1. An aircraft operator providing service in or from Uganda shall—
  1. carry out and maintain, at an airport, on an aircraft and at any aviation facility under the control of the operator, security measures prescribed in the National Civil Aviation Security Programme and the Airport Security Programme;
  2. ensure that—
  1. all its appropriate personnel are familiar with, and comply with the requirements of the National Civil Aviation Security Programme;
  2. necessary precautions are taken at the point of embarkation to ensure that passengers are in possession of valid documents prescribed by the state of transit and destination for control purposes;
  3. all its aircraft carry a checklist of the procedures to be complied with for that type of aircraft in searching for concealed weapons, explosives or other dangerous devices;
  1. be responsible for the security of his or her aircraft;
  2. ensure that persons engaged to implement security controls are subject to background checks and selection procedures, are capable of fulfilling their duties and are adequately trained; and

(e) institute and implement adequate security controls, including background checks on persons other than passengers granted unescorted access to security restricted areas of the airport.

  1. Special protection for aircraft.
  1. An aircraft operator may, notwithstanding regulation 35(2) (c), request for special protection of an aircraft from an airport operator.
  2. Where special protection is offered to an aircraft operator under subregulation (1), the protection shall be on terms and conditions determined by the airport operator.
  1. Control of prohibited items.
  1. No person shall, subject to regulation 25, possess or have with him or her a prohibited item while—
  1. in a security restricted area;
  2. on board an aircraft; or
  3. in an air navigation installation.
  1. The prohibited items referred to in subregulation (1) include—
  1. firearms or articles appearing to be firearms, whether or not they can be discharged;
  2. chemical or biological agents adapted, or capable of being used for causing injury to or incapacitating persons or damaging or destroying property;
  3. explosives;
  4. articles manufactured or adapted to have the appearance of explosives, whether in the form of a bomb, grenade or otherwise;
  5. articles made or adapted for causing injury to or incapacitating persons or damaging or destroying property; and
  6. any other dangerous article or substance or other item prescribed by the Authority from time to time.
  1. Control of access to flight crew compartment.

An aircraft operator engaged in commercial air transport shall—

  1. where an aircraft is equipped with a flight crew compartment door, ensure that the door is lockable from the flight crew compartment only and remains locked during flight, except to permit access and exit by authorised persons; and
  2. where an aircraft is not equipped with a flight crew compartment door, ensure the implementation of measures as appropriate to prevent unauthorised persons from entering the flight crew compartment during flight.
  1. Control of special categories of passengers.
  1. Law enforcement officers shall inform the aircraft operator and the pilot in command when passengers are obliged to travel because they have been the subject of judicial or administrative proceedings, in order that appropriate security controls can be applied.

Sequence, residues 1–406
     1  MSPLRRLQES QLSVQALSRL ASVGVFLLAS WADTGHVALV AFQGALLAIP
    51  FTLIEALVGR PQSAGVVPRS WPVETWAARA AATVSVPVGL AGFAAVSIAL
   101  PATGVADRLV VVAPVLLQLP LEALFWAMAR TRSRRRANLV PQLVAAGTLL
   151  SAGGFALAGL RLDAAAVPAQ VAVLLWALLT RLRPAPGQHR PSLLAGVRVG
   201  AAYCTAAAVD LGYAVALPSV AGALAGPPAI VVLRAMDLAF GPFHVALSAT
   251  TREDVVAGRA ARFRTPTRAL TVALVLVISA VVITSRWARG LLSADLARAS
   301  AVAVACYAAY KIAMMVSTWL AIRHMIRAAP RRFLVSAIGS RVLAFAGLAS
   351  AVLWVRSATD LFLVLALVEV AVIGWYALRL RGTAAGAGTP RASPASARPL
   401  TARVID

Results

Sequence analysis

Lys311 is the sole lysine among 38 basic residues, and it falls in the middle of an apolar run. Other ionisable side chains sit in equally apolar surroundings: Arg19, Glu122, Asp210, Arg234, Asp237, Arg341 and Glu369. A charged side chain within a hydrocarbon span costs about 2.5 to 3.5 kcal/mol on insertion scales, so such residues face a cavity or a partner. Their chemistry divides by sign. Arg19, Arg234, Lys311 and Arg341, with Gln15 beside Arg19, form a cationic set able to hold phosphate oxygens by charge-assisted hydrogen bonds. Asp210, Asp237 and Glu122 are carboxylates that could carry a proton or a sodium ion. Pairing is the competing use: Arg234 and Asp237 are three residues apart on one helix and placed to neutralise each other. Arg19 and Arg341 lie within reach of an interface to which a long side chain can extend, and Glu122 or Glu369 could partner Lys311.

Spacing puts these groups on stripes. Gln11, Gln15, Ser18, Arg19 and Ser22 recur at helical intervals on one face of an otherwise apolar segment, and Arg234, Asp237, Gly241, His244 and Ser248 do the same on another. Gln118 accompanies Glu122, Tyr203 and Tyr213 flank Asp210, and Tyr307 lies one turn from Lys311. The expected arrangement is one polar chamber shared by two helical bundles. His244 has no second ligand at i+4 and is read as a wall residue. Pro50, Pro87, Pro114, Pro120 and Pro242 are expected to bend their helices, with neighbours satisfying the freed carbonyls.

2. The aircraft operator shall inform the pilot in command of the number of armed or unarmed escort persons, the individuals whom they are escorting and their seat locations in the aircraft.
  1. Authorised carriage of weapons on board aircraft.
  1. The carriage of weapons on board aircraft by law enforcement officers and other authorised persons, acting in the performance of their duties, shall be in accordance with the laws of Uganda.
  2. Subject to subregulation (3), the Authority may—
  1. approve, in writing, the carriage of weapons on board aircraft by law enforcement officers and other authorised persons acting in the performance of their duties;
  2. consider requests by any other State to allow the travel of armed personnel on board aircraft of the requesting State, except that the Authority shall not allow the travel of armed personnel under this regulation unless there is an agreement between both States on such travel.
  1. Notwithstanding subregulation (2), an aircraft operator may allow or refuse the carriage of weapons on board an aircraft in accordance with conditions issued by the Authority.
  2. Where an aircraft operator accepts the carriage of weapons removed from passengers, the aircraft shall have provision for stowing the weapons so that they are inaccessible to passengers during flight time and, in the case of a firearm, to ensure that it is not loaded.
  3. Where Uganda decides to deploy in-flight security officers—
  1. the officers shall be government personnel who are especially selected and trained, taking into account the safety and security aspects on board an aircraft; and
  2. the officers shall be deployed according to the threat assessment of the Authority.
  1. The deployment under subregulation (5) shall be done in be co­ordination with concerned states and shall be kept strictly confidential.

Regulated Agents

  1. Conditions for acceptance of goods for air transportation.
  1. A regulated agent shall, before accepting goods for transport in an aircraft—
  1. establish and register the name and address of the consignor;
  2. establish the credentials of the person who delivers the goods as an agent of the consignor;
  3. ensure, on the basis of appropriate security controls or security screening, that such goods do not contain any prohibited items;
  4. ensure the safeguarding of such goods from unauthorised interference after acceptance;
  5. ensure the goods are received by staff who are properly recruited and trained;
  6. designate a person to implement and supervise the screening process;